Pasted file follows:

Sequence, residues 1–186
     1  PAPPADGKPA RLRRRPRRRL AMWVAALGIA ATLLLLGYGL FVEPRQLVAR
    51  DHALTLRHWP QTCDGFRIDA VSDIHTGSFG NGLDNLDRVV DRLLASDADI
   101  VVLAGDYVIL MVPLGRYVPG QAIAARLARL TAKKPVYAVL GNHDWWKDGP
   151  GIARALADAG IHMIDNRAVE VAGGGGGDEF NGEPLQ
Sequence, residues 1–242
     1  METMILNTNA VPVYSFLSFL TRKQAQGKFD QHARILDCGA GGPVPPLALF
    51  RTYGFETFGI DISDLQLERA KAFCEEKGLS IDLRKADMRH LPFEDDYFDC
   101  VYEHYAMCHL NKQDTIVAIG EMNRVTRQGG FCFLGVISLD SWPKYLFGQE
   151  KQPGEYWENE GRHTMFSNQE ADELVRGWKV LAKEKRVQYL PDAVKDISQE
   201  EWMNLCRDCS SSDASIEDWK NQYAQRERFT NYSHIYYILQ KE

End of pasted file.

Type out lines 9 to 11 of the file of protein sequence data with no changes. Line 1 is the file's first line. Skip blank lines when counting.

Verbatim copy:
   101  VYEHYAMCHL NKQDTIVAIG EMNRVTRQGG FCFLGVISLD SWPKYLFGQE
   151  KQPGEYWENE GRHTMFSNQE ADELVRGWKV LAKEKRVQYL PDAVKDISQE
   201  EWMNLCRDCS SSDASIEDWK NQYAQRERFT NYSHIYYILQ KE